No new ideas
It’s often said there are no new ideas anymore.
That’s probably just as true in pensions as any other walk in life. Indeed, over the last few months we have seen the resurrection of an idea first heralded at the last gasp of the previous century, but which has recently been heartily adopted by the FCA once again.
I’m talking about the RU64 rule. This was originally brought in alongside the introduction of stakeholder pensions, and required advisers to effectively benchmark their pension recommendations against the ‘advantageous’ terms available under stakeholder pensions; in other words, to justify why they are recommending that pension and not the stakeholder one.
Since its introduction in March 1999, the FCA has reviewed the RU64 rule but decided to keep it in force for stakeholder pensions, despite the pension landscape being very different from when the rule was introduced 20 years ago.
But over recent months, the ‘RU64 concept’ has been making a comeback. It has made its way into three different areas of FCA pension policy – all published in July
The first is in relation to defined benefit transfers. At the end of July, the FCA published another consultation paper on defined benefit transfers. As part of this, it proposed requiring advice firms to demonstrate why the receiving pension scheme they recommend is more suitable than the consumer’s workplace pension scheme. This is intended to make it easier for an adviser to recognise the benefits associated with recommending a transfer into a workplace pension rather than a non-workplace defined contribution pension. The FCA also proposes adviser firms will have to include analysis of a transfer into the default arrangement of an available workplace pension scheme in the APTA which provides the evidence for the suitability report.
This is not a difficult task for advisers to comply with. There are very good reasons why the client’s workplace pension schemes wouldn’t be suitable for some transfers: it might not offer the pension flexibility the client wants to use in order to access pension income or might not allow transfers-in. But advisers will need to change their defined benefit advice process and make sure they meet this requirement in their suitability and APTA communications.
The FCA should publish its feedback on this consultation and final rules early next year. But there hasn’t been a big pushback against this particular proposal and I would imagine it will be adopted.
The second and third references to the old RU64 rule are connected to new and proposed rules on default investments.
In August next year, drawdown investment pathways will start. This policy change is focused on helping non-advised consumers who enter drawdown make better investment decisions. Most providers will have to offer default investment solutions which aim to meet discrete consumer objectives – such as “I plan to use my [drawdown] money to set up an annuity within the next five years”.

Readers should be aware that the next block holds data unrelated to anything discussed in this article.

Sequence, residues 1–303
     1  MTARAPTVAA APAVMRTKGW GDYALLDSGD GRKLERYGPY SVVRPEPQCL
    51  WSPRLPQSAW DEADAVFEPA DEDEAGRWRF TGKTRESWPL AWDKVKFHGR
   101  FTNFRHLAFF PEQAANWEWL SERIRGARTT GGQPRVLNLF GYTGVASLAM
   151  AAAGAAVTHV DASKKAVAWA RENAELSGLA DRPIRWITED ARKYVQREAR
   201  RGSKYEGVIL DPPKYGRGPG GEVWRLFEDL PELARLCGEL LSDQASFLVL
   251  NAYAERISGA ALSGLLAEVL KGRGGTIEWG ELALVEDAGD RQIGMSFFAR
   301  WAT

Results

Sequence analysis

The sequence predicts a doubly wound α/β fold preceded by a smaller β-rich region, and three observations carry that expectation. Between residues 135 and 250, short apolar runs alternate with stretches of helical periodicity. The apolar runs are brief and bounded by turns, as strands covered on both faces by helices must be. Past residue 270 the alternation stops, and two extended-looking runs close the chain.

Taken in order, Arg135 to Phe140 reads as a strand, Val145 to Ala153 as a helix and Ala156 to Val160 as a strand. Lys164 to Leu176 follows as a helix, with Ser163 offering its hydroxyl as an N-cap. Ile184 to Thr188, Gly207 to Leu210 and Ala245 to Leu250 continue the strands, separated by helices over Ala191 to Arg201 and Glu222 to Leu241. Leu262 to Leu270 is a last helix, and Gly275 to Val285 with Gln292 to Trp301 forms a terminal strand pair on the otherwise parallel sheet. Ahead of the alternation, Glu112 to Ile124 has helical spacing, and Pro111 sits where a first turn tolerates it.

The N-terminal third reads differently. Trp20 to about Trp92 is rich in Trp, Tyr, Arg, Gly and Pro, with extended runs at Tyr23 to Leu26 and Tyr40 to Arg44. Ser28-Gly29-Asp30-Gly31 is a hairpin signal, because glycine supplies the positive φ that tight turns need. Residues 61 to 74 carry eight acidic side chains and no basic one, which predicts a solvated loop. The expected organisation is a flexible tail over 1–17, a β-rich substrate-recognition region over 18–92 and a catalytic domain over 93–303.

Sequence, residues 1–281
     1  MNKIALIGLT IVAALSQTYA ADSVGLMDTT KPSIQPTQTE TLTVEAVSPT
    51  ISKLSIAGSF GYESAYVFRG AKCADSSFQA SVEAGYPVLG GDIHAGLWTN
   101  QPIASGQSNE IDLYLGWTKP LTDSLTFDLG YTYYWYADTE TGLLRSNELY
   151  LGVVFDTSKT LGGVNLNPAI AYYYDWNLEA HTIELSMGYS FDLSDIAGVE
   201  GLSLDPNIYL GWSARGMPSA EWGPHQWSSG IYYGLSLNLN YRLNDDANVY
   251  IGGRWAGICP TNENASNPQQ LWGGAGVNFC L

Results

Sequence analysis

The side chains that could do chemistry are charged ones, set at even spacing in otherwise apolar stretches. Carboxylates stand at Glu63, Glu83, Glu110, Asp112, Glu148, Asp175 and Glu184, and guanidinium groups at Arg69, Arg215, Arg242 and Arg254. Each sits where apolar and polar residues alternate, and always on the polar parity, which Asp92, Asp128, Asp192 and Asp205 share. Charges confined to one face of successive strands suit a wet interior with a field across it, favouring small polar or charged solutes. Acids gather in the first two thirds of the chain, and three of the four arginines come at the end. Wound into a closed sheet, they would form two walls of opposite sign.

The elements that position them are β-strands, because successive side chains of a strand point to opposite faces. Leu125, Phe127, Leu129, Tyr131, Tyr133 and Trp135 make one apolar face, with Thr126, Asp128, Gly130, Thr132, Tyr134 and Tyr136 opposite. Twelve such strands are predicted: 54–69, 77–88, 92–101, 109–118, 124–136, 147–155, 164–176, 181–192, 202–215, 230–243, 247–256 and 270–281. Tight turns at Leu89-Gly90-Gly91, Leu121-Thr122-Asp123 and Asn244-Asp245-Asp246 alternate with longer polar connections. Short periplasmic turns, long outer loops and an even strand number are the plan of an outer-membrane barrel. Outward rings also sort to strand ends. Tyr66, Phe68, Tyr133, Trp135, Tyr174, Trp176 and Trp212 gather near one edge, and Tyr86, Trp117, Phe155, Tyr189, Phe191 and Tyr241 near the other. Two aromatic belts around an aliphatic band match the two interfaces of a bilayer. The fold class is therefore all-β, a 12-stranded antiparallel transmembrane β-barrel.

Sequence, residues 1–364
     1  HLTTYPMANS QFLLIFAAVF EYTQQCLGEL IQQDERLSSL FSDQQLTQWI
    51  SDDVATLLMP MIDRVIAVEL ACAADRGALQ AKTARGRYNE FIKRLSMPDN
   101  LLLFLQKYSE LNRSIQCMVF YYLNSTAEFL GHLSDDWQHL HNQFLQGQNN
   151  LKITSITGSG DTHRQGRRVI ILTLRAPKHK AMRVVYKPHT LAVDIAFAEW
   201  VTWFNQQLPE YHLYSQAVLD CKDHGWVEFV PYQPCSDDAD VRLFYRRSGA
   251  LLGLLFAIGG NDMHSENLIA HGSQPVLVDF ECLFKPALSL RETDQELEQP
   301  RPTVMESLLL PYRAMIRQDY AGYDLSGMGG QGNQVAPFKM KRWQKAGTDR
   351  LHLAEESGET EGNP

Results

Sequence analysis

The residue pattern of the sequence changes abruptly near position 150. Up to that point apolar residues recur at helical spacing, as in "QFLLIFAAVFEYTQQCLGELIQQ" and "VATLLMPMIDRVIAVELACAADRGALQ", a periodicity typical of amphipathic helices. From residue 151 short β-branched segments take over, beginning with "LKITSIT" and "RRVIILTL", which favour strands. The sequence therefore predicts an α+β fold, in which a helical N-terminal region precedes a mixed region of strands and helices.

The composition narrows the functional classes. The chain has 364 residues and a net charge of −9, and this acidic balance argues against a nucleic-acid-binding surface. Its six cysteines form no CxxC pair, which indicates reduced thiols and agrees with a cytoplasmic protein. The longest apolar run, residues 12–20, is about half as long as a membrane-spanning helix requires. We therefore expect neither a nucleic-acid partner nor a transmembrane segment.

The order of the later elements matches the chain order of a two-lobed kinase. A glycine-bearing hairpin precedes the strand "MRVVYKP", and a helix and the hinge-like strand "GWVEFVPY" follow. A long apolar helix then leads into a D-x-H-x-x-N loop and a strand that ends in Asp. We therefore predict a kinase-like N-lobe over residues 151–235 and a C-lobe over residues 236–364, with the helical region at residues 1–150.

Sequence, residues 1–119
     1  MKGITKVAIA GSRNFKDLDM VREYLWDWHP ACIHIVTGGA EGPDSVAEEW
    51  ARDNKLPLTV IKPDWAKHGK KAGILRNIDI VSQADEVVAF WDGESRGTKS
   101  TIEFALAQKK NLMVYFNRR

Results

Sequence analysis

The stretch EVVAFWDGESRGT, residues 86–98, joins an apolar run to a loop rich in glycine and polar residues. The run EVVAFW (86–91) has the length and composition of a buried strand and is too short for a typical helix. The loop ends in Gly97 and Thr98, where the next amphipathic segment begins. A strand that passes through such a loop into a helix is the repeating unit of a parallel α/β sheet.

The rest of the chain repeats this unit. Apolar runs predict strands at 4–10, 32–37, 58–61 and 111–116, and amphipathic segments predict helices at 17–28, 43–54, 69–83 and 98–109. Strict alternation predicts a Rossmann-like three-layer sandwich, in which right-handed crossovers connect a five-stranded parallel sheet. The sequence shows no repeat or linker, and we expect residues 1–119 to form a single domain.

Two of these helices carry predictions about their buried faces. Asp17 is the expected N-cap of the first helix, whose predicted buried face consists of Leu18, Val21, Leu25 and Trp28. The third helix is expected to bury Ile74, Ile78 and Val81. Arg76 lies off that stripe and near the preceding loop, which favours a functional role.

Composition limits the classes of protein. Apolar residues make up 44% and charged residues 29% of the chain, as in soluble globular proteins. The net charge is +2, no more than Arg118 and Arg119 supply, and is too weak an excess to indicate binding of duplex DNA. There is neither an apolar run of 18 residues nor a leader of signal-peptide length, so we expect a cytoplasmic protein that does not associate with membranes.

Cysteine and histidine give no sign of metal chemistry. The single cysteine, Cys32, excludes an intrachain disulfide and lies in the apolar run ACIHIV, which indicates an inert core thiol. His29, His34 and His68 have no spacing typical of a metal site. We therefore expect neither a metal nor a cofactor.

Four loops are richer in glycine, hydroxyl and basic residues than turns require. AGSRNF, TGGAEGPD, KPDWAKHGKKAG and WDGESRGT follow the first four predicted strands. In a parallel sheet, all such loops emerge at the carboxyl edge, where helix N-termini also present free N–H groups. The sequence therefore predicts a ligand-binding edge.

But this goes wider than just non-advised consumers. As part of the suitability rules, advisers – when making recommendations about the investment of drawdown funds (capped or flexi-access) – need to also consider the pathway investment the consumer could have adopted. That means first working out which one of the four discrete objectives the client holds with regards to their drawdown fund. Then, advisers must deduce which investment solution the provider is putting forward for that objective. And, finally, the adviser will have to consider why that isn’t the best solution for their client.
Again, not a difficult task in itself. But it will take some time to research as different providers will offer different investment solutions. Then the adviser will need to work their research into suitability reports for all drawdown customers every time they crystallise some drawdown, transfer from another drawdown product, or make a different drawdown investment decision. This starts in August 2020.
Finally, in their feedback statement on non-workplace pensions, the FCA put forward the idea of all non-workplace pension providers (those offering personal pensions, SIPPs and other individual pension contracts) offering a default investment pathway with lifestyling. Although this would be aimed at helping non-advised consumers, the FCA believes it could also benefit advised consumers.
It proposes advisers would be required to explain why the recommended individual pension investment is at least as suitable as the pathway investment on offer, taking account of the details of the provider’s pathway investment.
Three references – explicit or otherwise – to RU64 cannot be a coincidence. Indeed, a theme is developing, where the FCA is asking advisers to justify in more explicit terms why they are recommending a product or an investment that is different to the ‘default’ option. It looks like the RU64 concept is back with us for the 2020s.